- People pleasing often starts in childhood, when someone doesn’t have, or doesn’t give themselves, permission to put themselves first.
- Valuing others more than oneself delegates reinforcement of one’s worth to the outside world.
- People pleasers tend to be over-observant of micro-expressions and verbal nuances in others.
- To avoid people-pleasing at work, one can stop overcompensating and feeling responsible for mistakes made by coworkers.
We’re all susceptible to the effects of the people-pleasing syndrome—children, teens, adults, and parents. Psychologist and author Harriet B. Braiker referred to people-pleasing in her book, Disease to Please (2002). She noted, “People often say ‘yes’ when they’d rather say ‘no,’ setting off many problems.” For them, the uncontrollable need for the elusive approval of others is like an addiction.
Statistically, people-pleasing behavior is more prominent in women than men. A 2010 study showed that 54 percent of women are suffering greater adverse effects on both mental and physical health from people-pleasing behaviors, compared to 40 percent of men.
People-pleasing often starts in childhood when we don’t give ourselves permission to please or put ourselves first. By valuing others more than ourselves, we delegate reinforcement of our worth to the outside world, which is unreliable and makes prolonged validation fleeting.
I’ve developed a handful of tips to help people mindfully address reducing this behavior at home and work. If you’re able to practice them, you should experience noticeable improvement, without risking relationships you’ve built with a desire to be of service.
5 Tips to Stop People-Pleasing at Home
Reducing people-pleasing at home can improve personal and family relationships by reducing resentment and feelings of being underappreciated.
- Don’t offer unsolicited advice, guidance, or problem-solving strategies unless you’re specifically asked. We engage in these behaviors to secure a feeling of indispensability for the relationship. However, if guidance is ignored, it can create frustration and resentment.
- Practice not saying yes when you want to say no. When you offer to do things you don’t want to, it can lead to a lack of follow-through. This creates internal tension, decreasing self-respect, as well as relationship problems.
- People pleasers are over-observant of micro-expressions and verbal nuances. Avoid overthinking or personalizing interactions. Exercise patience to wait and see if anything is wrong. Practice developing alternative scenarios that verify what you saw that has nothing to do with you. Exercise frustration tolerance to avoid security check-ins before making assumptions.
- Unburden yourself from feeling responsible for curating other people’s enjoyable time. Feeling responsible for other people’s happiness impedes our own satisfaction. We need to be capable and responsible as individuals for our own personal contentment and see others in the same light.
- If you’re becoming resentful or feel taken advantage of by others, give yourself permission to communicate transparently. It’s the best way to preserve relationships. Use “I” statements to ensure you’re taking responsibility for feeling resentful and not externalizing blame on someone else for your feelings.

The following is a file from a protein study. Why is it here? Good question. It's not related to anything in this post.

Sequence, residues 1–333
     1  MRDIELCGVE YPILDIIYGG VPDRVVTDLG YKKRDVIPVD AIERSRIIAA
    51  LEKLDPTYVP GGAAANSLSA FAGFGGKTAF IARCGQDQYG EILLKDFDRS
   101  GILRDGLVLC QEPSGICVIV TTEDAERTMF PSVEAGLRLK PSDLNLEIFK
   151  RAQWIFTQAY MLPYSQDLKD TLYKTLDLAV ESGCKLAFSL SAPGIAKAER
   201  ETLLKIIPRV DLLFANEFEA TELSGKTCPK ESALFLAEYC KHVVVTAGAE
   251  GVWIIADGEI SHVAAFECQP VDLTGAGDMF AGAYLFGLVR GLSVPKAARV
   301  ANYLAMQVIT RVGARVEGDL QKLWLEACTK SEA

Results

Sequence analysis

If you believe people want to be around you for who you are, and not what you can do for them, you will develop a stronger belief in your inherent lovability.
5 Tips to Stop People-Pleasing at Work
Challenging people-pleasing behaviors at work is an essential tool in preventing and projecting a secure work image. Looking and feeling self-confident and self-assured yields positive work empowerment. It should also improve job performance, increase feelings of self-worth, and put you on a path to satisfy your goals for success.
- Be honest with yourself and avoid overselling yourself to prove your worth to a client or supervisor. Trust and believe in your own value instead of trying to over-please. Trying to over-please a supervisor can backfire. It can adversely affect their view of you and lower your self-respect as well.
- Only apologize once for making a mistake. We can’t please people all the time. We’re humans, not robots. Errors are unintentional. Growth comes from errors. Don’t punish yourself for them.
- Unburden yourself from overcompensating and feeling responsible for mistakes made by other people or coworkers. However, learn from their mistakes in the same way you would learn from your own.
- Stem the impulse of anticipating someone else’s needs or jumping in to do their work—unless it’s requested. You may feel you’re being kind and generous, but if it’s not reciprocated later, it can fuel resentment.
- Pause before engaging in activities that may look or feel you’re ingratiating yourself to others to assert your value. You might not want to be the one who’s always organizing the office “Happy Hour” or bringing in pastries. Allowing someone else to engage in actions that benefit you and others will help to develop more self-worth and confidence.
Honestly believing that people want to be with you because of who you are, and not because of the service you offer, helps to build a core building block and foundation in your relationships. It will improve your self-confidence and feelings of lovability and lead to more sustainable satisfaction in your life.
Robert F. Kusher and Seung W. Choi, (June 2010), “Prevalence of Unhealthy Lifestyle Patterns Among Overweight and Obese Adults, National Library of Medicine, Pub.Med